STOCKHOLM (Reuters) - The $10 billion-plus race to oust warfarin, a 65-year-old heart medicine originally developed as rat poison, remains wide open following strong clinical trial results from rival new anticoagulant drugs.
With no clear winner so far in a three-way battle between Bayer, Bristol-Myers and Boehringer Ingelheim, doctors say a complex -- and potentially confusing -- market could develop, as each new drug focuses on different patient groups.
“This space will get complicated very quickly now because you will be dealing with drugs that have different mechanisms,” said Clyde Yancy of the Baylor Heart and Vascular Institute in Dallas and past president of American Heart Association.
“I think many practitioners will become perplexed, confused, and the real concern is: are we at risk of making some major mistakes here? The complications are very real if you are dealing with bleeding risk.”
Unlisted Boehringer will learn its chances of replacing warfarin in the key market for preventing stroke in patients with atrial fibrillation, a common arrhythmia, when a U.S. advisory panel reviews its drug Pradaxa on September 20.
But Xarelto, from Bayer (BAYGn.DE) and its partner Johnson & Johnson (JNJ.N), and apixaban, being developed by Bristol-Myers Squibb (BMY.N) and Pfizer (PFE.N), remain firmly in the race following good clinical results on Tuesday.
“You have here good drug alternatives, which is what clinicians need,” Fausto Pinto of Lisbon University Medical Schoo told Reuters.
He said the latest studies on Xarelto and apixaban showed clear benefits in particular indications and demonstrated the new drugs could be safely given, but neither was definitive. In both cases the tests were part of wider development programs.
Pinto chaired the program committee for this week’s European Society of Cardiology’s congress in Stockholm, which chose to highlight research on the drugs as “hot line” sessions.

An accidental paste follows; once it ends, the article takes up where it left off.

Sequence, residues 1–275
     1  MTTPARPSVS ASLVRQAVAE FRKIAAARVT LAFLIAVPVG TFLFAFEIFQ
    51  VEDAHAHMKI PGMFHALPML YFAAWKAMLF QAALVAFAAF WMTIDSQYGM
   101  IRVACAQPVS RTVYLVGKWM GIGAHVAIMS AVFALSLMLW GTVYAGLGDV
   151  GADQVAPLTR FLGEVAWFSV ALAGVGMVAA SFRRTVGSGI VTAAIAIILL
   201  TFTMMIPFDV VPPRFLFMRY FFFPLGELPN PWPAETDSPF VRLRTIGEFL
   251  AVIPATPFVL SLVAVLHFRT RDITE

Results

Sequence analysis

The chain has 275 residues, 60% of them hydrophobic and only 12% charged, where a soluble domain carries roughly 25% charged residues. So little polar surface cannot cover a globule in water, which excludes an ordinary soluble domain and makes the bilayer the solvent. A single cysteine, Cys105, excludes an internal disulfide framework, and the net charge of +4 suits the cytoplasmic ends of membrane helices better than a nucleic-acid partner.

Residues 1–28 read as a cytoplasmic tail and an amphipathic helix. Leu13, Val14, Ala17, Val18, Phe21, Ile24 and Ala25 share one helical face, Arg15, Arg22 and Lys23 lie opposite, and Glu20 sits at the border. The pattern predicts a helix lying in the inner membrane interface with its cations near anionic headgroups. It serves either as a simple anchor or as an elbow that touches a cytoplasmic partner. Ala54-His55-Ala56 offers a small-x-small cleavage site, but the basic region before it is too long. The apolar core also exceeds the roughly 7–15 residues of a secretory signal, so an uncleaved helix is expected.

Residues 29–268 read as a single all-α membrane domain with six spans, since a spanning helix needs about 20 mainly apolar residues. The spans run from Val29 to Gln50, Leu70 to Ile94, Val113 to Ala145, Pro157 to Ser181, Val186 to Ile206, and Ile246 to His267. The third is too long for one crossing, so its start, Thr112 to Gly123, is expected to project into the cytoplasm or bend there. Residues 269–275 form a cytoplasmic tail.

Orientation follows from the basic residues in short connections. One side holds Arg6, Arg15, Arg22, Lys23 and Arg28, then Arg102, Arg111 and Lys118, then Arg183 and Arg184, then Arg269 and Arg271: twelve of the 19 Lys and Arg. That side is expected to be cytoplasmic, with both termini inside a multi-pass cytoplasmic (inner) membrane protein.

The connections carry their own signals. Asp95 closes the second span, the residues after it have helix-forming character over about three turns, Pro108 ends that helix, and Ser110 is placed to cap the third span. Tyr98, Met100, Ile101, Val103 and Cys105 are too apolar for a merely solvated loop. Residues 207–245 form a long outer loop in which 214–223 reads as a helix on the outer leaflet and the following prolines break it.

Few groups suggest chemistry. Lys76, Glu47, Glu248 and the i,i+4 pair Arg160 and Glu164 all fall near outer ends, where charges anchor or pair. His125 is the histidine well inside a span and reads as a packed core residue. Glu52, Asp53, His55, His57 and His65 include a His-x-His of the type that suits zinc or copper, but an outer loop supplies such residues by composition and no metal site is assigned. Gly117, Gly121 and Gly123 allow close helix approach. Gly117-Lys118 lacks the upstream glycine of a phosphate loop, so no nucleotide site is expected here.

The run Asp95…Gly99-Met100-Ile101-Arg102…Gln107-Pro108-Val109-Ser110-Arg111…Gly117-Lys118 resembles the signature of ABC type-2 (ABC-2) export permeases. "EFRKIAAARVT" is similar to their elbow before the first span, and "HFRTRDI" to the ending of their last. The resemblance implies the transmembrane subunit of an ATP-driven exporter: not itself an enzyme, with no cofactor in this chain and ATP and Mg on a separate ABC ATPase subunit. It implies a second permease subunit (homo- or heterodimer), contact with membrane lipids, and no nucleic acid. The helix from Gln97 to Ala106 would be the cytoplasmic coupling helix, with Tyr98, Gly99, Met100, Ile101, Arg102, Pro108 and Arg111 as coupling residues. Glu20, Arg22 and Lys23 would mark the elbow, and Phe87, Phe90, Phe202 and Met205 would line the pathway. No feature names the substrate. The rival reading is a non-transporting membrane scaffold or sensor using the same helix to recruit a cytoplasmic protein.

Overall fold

Industry analysts estimate the warfarin-replacement market at more than $10 billion a year and possibly up to $20 billion.
Medical experts have cheered the arrival of a new generation of anti-clotting drugs, since it is hard to maintain the right balance of warfarin in patients and the drug also interacts badly with certain foods and other medicines.
“Patients and physicians have been begging for a warfarin replacement,” according to Ralph Brindis, president of the American College of Cardiology.
“I don’t know which one is going to win or lose among that family but the body of evidence about safety and efficacy is growing and growing.”
While the first new oral drug to make it to market as a stroke preventer will have a clear marketing advantage, this will not be the end of the story.
In an era of austerity and ever-greater focus on costs, pricing will also be a key determinant of market share, as will doctors’ concerns about making sure patients adhere to treatments that can mean the difference between life and death.
In that respect, a simpler dosing regimen could be a significant advantage, Brindis said.
Xarelto needs to be taken only once a day, while Pradaxa and apixaban are twice-daily pills.
Although the three rivals drugs are competing in the same space, different clinical trials address different groups of patients and regulatory approvals -- at last initially -- are likely to be confined to certain market segments.
Doctors are, however, free to prescribe licensed medicines “off label” in non-approved indications, which could be a danger, Pinto said, making clear guidelines from medical societies very important.
Shares in both Bayer and Bristol rose on Tuesday in reaction to the latest positive clinical trial news as analysts latched on to data that underpinned upbeat sales forecasts.
Jeff Holford of Jefferies said apixaban’s 52 percent risk reduction versus aspirin for stroke compared favorably with Pradaxa, suggesting eventual potential peak annual sales of more than $6 billion for apixaban several years out.
For Xarelto, the impressive data in treating deep vein thrombosis augured well for upcoming data in November on stroke prevention, where the drug could sell $2.8 billion, he added. Jefferies also expects another $800 million in peak sales for Xarelto in venous thromboembolism.
Editing by David Cowell